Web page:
As the time to make my call neared, I continued to go through the plan in my head.
“Be pleasant,” I said to myself, “tell them the story, be clear and precise, and respond to any rudeness with heaps of honey. No matter what happens — DON’T GET MAD.”
The clock struck 9:23. “Give them until 9:30 so they’ve had their coffee and settled in. Don’t be the first one to call them — they always hate the person who makes them start working.”
Tick, tick, tick. I knew the call would either clear up the problem or, five minutes hence, I’d be neck-deep in a tar pit of bureaucratic red tape from which escape would be most painful. You see, I was about to call THE STATE, the government, Big Brother. The first few minutes were all I’d feared:
- The person who picked up said I’d reached the wrong department (though I called the number and extension on the letter I’d received).
- The person he transferred me to said she had no idea why I was transferred to her.
- Whatever department she transferred me to must have been enjoying their second cup of coffee, as neither a human nor voicemail picked up.
After starting the exercise all over again, I finally reached someone who was reasonably pleasant and did help me.
The experience reminded me of one I’d had years ago. In order to teach a weekend creative writing course at a public school, I was required to be fingerprinted at the local police department. I made an appointment with one of the officers and showed up on time, only to be told by a dispatcher infinitely irritated by my presence that the officer in question was not there. After waiting 30 minutes, my next inquiry was met with a scream:
“COME BACK TOMORROW!!!!!” he yelled through the bullet proof glass window.
Instead of taking him up on his offer, I penned a scathing description of my treatment and proceeded to fax it to the Chief of Police, Mayor and everyone else I could think of. A few hours later, I received a personal call and apology from the Chief.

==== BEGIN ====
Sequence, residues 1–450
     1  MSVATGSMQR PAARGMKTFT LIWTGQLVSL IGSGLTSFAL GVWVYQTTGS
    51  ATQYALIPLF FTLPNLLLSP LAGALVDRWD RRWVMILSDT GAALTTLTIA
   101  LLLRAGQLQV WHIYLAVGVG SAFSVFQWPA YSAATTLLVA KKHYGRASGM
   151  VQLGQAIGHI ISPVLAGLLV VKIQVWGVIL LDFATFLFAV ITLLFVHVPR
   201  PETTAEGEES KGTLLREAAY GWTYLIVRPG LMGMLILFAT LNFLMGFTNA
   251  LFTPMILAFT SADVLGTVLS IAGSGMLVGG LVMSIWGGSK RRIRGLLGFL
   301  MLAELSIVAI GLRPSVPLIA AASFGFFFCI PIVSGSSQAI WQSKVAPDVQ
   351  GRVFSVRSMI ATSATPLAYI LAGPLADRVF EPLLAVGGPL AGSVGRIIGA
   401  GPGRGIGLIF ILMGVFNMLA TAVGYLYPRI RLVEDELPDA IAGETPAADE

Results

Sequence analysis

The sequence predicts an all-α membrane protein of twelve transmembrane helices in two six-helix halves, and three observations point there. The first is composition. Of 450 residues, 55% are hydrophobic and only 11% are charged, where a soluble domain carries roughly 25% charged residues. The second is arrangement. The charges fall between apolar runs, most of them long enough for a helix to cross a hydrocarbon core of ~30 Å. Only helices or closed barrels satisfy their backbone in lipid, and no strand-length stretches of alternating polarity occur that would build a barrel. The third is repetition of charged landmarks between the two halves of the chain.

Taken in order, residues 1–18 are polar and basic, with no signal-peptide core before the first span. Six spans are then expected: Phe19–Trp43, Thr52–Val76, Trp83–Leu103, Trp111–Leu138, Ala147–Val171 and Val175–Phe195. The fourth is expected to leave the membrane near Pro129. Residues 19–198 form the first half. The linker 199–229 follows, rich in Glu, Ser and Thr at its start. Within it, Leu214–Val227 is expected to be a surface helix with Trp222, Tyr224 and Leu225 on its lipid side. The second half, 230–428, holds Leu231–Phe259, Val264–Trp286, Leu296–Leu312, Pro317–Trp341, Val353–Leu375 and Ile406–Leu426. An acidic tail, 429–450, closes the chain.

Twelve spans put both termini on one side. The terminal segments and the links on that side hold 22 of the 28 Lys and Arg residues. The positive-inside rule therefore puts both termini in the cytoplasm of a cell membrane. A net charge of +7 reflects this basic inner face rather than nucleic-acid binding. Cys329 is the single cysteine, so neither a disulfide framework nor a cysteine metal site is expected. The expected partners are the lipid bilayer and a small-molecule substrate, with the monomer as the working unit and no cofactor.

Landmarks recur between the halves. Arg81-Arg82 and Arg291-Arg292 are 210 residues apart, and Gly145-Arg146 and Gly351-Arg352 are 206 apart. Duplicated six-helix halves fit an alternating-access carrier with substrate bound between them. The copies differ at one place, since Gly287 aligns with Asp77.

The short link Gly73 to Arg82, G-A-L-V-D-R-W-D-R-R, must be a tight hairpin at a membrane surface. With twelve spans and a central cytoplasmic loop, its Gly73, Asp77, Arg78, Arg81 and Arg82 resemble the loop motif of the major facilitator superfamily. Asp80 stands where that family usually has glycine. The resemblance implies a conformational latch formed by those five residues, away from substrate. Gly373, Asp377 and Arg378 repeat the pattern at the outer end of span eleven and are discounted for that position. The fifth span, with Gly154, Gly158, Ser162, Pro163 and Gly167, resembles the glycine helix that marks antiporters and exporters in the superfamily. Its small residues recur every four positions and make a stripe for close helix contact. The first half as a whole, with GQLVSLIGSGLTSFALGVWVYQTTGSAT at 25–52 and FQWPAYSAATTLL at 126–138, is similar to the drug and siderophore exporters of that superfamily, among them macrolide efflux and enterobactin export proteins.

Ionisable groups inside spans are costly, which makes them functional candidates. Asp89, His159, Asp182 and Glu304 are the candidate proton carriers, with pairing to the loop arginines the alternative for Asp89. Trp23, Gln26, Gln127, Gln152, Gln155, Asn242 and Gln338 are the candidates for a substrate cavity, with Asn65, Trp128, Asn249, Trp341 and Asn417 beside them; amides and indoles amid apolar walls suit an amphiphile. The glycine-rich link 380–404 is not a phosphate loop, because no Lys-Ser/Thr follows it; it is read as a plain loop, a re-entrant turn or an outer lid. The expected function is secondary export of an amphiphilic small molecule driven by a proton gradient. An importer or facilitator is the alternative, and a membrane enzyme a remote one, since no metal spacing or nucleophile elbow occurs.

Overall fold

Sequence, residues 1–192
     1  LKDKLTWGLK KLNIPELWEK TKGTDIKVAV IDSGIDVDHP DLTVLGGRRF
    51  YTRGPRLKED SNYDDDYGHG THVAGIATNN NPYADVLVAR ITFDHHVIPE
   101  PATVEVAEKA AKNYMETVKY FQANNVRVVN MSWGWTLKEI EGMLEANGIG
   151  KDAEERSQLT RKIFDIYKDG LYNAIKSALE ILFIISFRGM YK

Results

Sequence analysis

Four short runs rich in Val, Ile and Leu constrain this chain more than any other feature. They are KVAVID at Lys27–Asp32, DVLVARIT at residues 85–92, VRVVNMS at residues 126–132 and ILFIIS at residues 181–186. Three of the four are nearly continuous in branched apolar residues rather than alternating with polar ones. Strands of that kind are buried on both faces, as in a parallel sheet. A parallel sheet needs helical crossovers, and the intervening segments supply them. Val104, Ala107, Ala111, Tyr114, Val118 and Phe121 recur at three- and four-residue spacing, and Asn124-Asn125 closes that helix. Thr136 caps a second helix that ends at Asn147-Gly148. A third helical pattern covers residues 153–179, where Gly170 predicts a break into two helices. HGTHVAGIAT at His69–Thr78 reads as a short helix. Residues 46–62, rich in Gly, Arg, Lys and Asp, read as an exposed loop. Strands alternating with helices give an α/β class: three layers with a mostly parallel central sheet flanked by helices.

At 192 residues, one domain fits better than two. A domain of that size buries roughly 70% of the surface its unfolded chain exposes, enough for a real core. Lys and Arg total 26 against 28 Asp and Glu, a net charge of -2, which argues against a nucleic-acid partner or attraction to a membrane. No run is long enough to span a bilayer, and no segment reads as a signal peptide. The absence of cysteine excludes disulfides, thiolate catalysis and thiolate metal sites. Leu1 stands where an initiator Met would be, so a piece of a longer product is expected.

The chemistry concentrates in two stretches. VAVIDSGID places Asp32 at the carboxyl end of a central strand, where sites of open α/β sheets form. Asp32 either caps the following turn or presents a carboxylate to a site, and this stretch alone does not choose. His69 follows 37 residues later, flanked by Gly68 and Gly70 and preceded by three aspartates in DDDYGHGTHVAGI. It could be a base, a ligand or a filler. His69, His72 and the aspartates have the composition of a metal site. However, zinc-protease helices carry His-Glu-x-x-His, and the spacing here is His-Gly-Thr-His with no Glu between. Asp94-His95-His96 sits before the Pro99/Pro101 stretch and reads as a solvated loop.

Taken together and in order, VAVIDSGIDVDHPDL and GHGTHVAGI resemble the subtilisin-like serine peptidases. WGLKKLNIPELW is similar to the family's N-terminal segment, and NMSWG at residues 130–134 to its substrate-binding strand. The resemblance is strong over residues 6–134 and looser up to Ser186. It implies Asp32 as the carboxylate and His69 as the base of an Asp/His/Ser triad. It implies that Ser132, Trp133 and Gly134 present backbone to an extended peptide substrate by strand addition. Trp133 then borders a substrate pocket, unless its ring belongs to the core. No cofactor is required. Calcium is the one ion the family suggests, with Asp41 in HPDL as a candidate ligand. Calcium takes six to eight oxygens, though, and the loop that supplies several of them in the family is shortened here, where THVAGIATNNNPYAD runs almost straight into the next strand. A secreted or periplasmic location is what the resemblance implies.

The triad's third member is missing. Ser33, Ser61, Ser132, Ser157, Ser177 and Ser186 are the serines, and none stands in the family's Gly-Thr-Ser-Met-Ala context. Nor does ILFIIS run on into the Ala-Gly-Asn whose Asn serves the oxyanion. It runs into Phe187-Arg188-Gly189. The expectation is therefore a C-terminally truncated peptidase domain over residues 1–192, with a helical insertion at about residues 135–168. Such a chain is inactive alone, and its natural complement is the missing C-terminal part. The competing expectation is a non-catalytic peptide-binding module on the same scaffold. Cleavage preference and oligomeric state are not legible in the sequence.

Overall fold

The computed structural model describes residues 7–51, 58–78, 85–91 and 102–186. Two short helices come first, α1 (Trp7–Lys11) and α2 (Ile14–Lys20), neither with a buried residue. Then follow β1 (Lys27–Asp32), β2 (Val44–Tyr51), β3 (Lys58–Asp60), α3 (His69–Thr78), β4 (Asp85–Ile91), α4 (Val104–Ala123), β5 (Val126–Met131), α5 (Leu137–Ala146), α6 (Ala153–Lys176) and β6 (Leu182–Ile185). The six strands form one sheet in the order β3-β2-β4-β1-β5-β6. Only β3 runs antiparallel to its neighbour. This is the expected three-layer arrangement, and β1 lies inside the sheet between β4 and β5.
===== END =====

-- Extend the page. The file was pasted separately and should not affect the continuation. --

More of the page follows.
“There is something very wrong when a police department employee thinks they have a right to speak to people like that,” I said.
Thinking back on it, and considering my recent experience, I realize the condition these folks are afflicted with (arrogance) is one common to the type of organization in which they work (the monopoly). In the case of calling the state, I knew that if things went south, I couldn’t call another state, I’d have to make do with the folks on the other end of that line. Oftentimes, there is only one person in a government agency who deals with a specific type of issue, meaning if you don’t get along with “Suzy,” you’re sunk. The problem is — Suzy knows it and, unfortunately, often acts like it.
At the head of your organization’s IT departments, you are, in effect, the state — you are the Police Department, you are a monopoly. Your users/customers know it and your staff knows it. It is your job to make sure they don’t act like it. But one reminder a year won’t do. Just like a neglected lawn, the monopoly not on guard against monopolistic behavior will see it spawn and spread.
Lately, I’ve been talking to a lot of CIOs about the concept and associated terminology of customer service. As much as your application strategy, embedding a true sense of the vendor/customer relationship is critical to your department’s long term success. In a soon-to-be-published interview with Banner Health CIO Michael Warden, he expressed the idea that IT departments must treat their “customers” as if they had a choice of where to obtain services.
Knowing how it feels to be served by those who know you have no choice (and act like it), I couldn’t agree more.